The value of this will depend on what level you intend to take your Medieval interest to. It should go without saying (but may not so I’ll say it anyway) that this is how I do things and what works for me. This post is more along the lines of suggesting something you may want to think about and not me saying I have “the answer.”
When I first started reading about Medieval History, I mainly wanted to get a “feel” for the period to help me write fiction. I figured that if I needed something factual I could hit a library for research (the Internet was very young at the time) and since I was writing fantasy, not historical fiction, I could deviate from historical reality so long as that deviation made logical sense.
So my reading consisted of just that – read a book, stick it on the shelf. I’d write a few sentences as a summary and stick it in a word doc (I’ve sent that to people and will happily do so again but it’s mostly from books I read before about 2000). Then I started becoming involved in discussions of the Middle Ages, primarily on-line. My “system” (not a system at all) worked for a while until this usenet group I participated in became inhabited by a troll. And not just your ordinary troll but a fairly intelligent one who enjoyed blasting holes in what other people had to say – not by offering information on his own, but by pointing out flaws – real or imagined – in other people’s arguments. One of his favorite tactics was to take a post and rip it for not citing any sources, providing evidence, etc.
For the most part this was stupid – usenet isn’t an academic discussion group. But it had the effect of getting me to start paying attention to where I got my information so if someone called me on something, I could recall that information more quickly than the process of checking out the 3-4 books I may have read that in, searching the indexes and (hopefully) finding the info to cite.
This has led to a change in my reading habits. For the past several years, whenever I read something I keep a notepad nearby and jot down anything which I think I may want to refer to for future reference. These can be broad concepts but typically these are specific arguments, quotes or research findings that have a bearing on issues I’m interested in. I’ve found that writing an actual review I intend for public consumption raises my recall level immensely – those take me 2-4 hours to put together, I have to refer back to whole passages/sections of the book, cite specific statements, etc. Unfortunately I haven’t reached the point where I do that for everything I read.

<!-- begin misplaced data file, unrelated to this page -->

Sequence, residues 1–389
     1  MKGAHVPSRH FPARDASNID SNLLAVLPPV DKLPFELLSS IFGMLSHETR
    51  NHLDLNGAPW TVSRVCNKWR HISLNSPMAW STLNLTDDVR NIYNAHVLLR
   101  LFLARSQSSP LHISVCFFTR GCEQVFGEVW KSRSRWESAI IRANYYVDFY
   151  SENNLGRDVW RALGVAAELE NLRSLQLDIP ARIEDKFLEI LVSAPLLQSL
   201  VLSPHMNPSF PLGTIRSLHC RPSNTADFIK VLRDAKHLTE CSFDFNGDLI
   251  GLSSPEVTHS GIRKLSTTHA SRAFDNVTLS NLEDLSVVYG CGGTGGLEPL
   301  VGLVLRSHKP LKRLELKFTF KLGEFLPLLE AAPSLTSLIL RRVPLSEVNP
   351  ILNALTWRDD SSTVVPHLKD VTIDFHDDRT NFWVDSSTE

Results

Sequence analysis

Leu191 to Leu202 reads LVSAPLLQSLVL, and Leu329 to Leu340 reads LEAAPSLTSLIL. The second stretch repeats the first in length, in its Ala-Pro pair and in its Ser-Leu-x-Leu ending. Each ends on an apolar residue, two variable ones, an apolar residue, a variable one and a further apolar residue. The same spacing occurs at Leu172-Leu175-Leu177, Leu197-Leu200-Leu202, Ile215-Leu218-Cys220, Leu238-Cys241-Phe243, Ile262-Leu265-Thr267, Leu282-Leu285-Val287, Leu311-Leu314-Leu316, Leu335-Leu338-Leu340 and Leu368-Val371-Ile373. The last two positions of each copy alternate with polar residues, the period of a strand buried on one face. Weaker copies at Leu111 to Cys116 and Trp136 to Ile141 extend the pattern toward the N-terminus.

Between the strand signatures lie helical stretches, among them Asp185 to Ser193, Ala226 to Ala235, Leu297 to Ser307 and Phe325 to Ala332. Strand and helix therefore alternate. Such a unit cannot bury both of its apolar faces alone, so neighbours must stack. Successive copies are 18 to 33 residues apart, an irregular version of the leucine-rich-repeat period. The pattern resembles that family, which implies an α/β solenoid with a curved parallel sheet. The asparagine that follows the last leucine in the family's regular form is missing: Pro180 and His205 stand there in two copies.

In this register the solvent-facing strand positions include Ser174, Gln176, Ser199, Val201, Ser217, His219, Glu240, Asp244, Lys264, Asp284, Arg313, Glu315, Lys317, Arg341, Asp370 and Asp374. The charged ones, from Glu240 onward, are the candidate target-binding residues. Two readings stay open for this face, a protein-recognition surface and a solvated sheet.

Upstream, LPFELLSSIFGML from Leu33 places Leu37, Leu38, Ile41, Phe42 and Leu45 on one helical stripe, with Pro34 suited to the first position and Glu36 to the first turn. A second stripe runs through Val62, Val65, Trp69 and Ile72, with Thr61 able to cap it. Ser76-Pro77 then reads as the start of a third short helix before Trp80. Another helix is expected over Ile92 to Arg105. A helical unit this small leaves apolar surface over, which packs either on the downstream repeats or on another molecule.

However when I have time, I take my notes and enter them into a spreadsheet. The columns are titled Topic, Time, Region, Author, Title, Pub Date, ISBN, pp, Category, Location, Date Read, and Comments. Most of these are self-explanatory but for those that aren’t:
- Time – the period this item refers to – could be a century, specific year or even a conceptual time such as “Investiture”.
- pp – page(s) on which I found the item
- Category – book, article, web (typically I save something of interest I find on the web – no guarantee it’ll be there forever)
- Location – owned, library(which library), downloaded (with file name), URL
What led me to think about this is that I’m currently reading Soldiers of Christ: Saints and Saints’ Lives from Late Antiquity and the Early Middle Ages by Noble and Head, eds., (Penn State, 1995). I’ve read a fair amount of hagiography and even debated not going through the vitae in this volume, just the intro’s – I know the hagiographical norms fairly well and even though this would include some biographical and historical information, I thought maybe I should just skim it. But I decided to dive in – you never know, right?
I don’t have a lot of notes from this book but last night I was reading, “The Hodoeporicon of Saint Willibald” by Huneberc of Heidenheim, translated by C. H. Talbot. The first notable item is that Huneberc was a woman. Female authors in the early Middle Ages (this was written in the 8th century) are relatively rare. The other notable item for me goes back to myth-busting and refers to bathing – during his travels Willibald and his companions were captured by Muslims in Syria and imprisoned. A merchant tried to have them released and failed but remained concerned about them and, “Every day, therefore, he sent them dinner and supper, and on Wednesday and Saturday he sent his son to the prison and took them out for a bath and then took them back again.” (p 152)
Next time I come across someone who gives me the “dirty medievals never bathed” line, I have one more piece of ammo to throw at him/her. Willibald and his companions received two main creature comforts from their benefactor – food, and bathing twice a week. The fact that they received this AND that it was notable enough to be recorded in his vita says a great deal about their desire for cleanliness – Take THAT William Manchester! Plus the gender of the author has implications for the role of women and female literacy.
To finish this up, my notes from this vita are as follows:
- Willibald – pp 141-45 – Huneberc female author, 8th c., “female weakness” in prologue
- Willibald – p 152 – bathing
I didn’t know I’d become addicted to Medieval History 15 years ago but I did – and I wish I’d done some sort of note taking from day 1. If you think you may reach the point where you’ll become involved in discussions of this sort, I think you’ll find that spending a half hour or so per book (which is usually all it takes me though there are exceptions) to use some sort of indexed reference system will be well worth your while.
1 There’s a ton of more recent information out there on this topic since I went hunting for this back in, say, 1998 or so. Please don’t reference this as “According to the Medieval History Geek . . .”